In the province of Latina, San Felice Circeo is nestled in the middle of the Circeo promontory, surrounded by the Parco Nazionale del Circeo. Documented in Homer's Odyssey as home of the sorceress Circe, the woman who turned Odysseus's men into pigs, while the spells of the witch had no effect on their leader, thanks a special grass antidote Moly, suggested to him by Hermes, which grows spontaneously on the headland.
Beyond the legend, what is certain is that the area was inhabited since ancient times, as attested by the finds unearthed during the XX century by Professor Alberto Carlo Blanc, during his archaeological expeditions in the sea caves located on the southern side of the promontory. Here was also unearthed the skull of a Neanderthal man, jaws, tools and equipment, remains of food and traces of fire. Around 1000 B.C. the Etruscans settled here, later defeated and colonized by the Volsci. It became the commercial port of the Focei, a population of Greek origins, that settled in the colonies of Magna Graecia and Sicily and were probably responsible for the spread of the legend of the sorceress Circe. Occupied by the Romans in 393 B.C., the colony tried several times to rebel against the control of the Empire, suffering, for those reasons, tough losses and repercussions. In Imperial times the area of Torre Paola became the center of all activities, as well as the privileged place for the construction of residential villas, accessible by Via Severiana, built by Septimius Severus in the III century A.D. After the fall of the Roman Empire, the area submitted a dark period, characterized by continuous raids of Saracen pirates. In 1100 it passed into the hands of the Frangipane and in 1240 Pope Gregory IX assigned the Rocca Circeii to the Templars, to defend it against the attacks of Saracen pirates. In the Middle Ages the town, proclaimed fief, belonged to the Annibaldi, the Caetani, the Ruspoli and the Orsini, until it was sold to the Reverenda Camera Apostolica, whose domain continued until the unification of Italy in 1870, except for the brief period of rule of Prince Stanislaus Poniatowsky.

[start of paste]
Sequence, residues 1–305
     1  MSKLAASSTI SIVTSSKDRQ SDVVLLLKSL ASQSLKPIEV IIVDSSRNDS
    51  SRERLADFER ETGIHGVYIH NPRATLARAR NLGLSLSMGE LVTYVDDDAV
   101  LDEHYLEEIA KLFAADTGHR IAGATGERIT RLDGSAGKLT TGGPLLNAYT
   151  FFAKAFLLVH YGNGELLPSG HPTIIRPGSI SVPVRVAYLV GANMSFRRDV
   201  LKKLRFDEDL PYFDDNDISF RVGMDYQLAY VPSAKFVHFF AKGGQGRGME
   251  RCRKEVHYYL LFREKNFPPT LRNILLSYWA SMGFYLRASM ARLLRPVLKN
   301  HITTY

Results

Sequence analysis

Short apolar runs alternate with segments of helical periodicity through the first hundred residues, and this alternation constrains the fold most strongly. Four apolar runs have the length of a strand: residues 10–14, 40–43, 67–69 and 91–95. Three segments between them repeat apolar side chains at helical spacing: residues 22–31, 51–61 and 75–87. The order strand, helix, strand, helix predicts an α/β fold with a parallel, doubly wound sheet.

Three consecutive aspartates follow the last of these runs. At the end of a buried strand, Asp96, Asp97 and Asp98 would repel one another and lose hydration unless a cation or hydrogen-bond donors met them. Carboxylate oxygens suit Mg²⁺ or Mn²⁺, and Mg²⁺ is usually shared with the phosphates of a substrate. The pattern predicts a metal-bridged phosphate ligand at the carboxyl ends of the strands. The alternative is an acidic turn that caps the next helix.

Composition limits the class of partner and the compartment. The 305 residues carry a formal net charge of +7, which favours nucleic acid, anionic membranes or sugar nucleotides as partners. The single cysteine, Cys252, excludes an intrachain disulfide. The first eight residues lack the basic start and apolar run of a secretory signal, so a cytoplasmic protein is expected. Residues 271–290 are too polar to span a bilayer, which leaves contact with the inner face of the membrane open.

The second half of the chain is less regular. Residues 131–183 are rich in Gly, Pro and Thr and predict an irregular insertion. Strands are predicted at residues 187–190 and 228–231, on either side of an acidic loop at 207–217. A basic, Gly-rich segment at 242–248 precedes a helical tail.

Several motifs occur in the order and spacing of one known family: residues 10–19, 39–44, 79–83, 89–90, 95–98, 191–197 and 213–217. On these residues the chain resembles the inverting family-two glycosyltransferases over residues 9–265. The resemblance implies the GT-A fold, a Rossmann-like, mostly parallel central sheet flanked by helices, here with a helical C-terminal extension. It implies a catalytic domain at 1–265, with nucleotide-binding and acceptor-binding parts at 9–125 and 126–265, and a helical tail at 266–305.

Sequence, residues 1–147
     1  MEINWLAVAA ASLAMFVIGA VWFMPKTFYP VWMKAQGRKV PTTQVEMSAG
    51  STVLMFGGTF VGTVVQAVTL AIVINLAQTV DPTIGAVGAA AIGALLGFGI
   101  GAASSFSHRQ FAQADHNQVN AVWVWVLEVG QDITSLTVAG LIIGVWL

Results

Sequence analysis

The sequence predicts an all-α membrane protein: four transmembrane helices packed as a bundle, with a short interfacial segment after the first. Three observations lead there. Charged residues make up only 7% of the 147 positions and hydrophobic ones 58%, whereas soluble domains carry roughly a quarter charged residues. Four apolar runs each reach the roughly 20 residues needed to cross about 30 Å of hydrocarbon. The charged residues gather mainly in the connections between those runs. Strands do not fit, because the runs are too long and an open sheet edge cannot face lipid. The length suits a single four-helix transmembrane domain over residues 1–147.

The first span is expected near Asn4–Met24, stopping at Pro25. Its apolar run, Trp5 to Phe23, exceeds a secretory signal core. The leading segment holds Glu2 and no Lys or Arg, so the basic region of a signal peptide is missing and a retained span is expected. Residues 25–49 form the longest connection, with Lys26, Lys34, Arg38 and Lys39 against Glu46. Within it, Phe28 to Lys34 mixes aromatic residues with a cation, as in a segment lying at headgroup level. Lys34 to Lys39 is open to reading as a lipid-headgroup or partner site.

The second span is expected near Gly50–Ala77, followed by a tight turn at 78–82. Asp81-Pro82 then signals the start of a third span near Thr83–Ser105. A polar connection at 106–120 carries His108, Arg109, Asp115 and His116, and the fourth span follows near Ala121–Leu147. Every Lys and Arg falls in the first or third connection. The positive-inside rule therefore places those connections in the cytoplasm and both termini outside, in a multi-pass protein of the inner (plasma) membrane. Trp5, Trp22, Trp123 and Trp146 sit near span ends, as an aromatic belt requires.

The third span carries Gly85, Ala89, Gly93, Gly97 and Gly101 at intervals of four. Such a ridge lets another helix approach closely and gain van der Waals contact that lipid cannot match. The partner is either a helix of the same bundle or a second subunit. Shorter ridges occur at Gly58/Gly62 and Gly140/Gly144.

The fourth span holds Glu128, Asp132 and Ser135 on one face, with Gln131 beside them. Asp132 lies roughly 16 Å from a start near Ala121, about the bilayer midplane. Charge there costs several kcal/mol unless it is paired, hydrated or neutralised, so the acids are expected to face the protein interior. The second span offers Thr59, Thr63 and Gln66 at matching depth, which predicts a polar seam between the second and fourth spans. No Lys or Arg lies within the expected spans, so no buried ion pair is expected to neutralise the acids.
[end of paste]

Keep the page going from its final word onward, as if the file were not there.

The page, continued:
Sites of Interest:
- the charming Old Town centre, typically medieval, situated on a natural terrace at 100 meters above sea level;
- the polygonal fortified walls dating from the VI century B.C.;
- the Acropolis (III century B.C.), the last bastion of defense of the city of the Circeii;
- the caves in which Professor Blanc brought to light interesting prehistoric remains, demonstrating not only the human presence in these areas since ancient times, but also those of animals similar to rhinos, hippos and elephants . Particularly famous are: the Cave of Goats, Grotta Guattari, Grotta del Fossellone, Grotta Breuil and Riparo (shelter) Blanc;
- the Templar's Watchtower, built between 1240 and 1259 by the Knights during their stay on the mainland, to defend these areas from the continuous Saracen raids;
- the Baron's Palace, built in the XIV century by the Caetani family. Inside, the rooms are embellished with splendid XIX century frescoes;
- the Papal Towers, which were built along the coast to defend the population against the pirates (Torre Paola, the Moorish Tower, Torre Cervia, Torre Fico, Torre Vittoria e Torre Olevola);
- the Lighthouse of Cape Circeo, built in 1866 by Pope Pius IX;
- the Sanctuary of Santa Maria della Sorresca on the shores of Lake Paola;
- the Church of San Felice Martire;
- the Church of St. Francis of Assisi;
- the Church of Santa Maria degli Angeli;
- the Church of the Immaculate Conception;
- the Church of Our Lady of Mercy.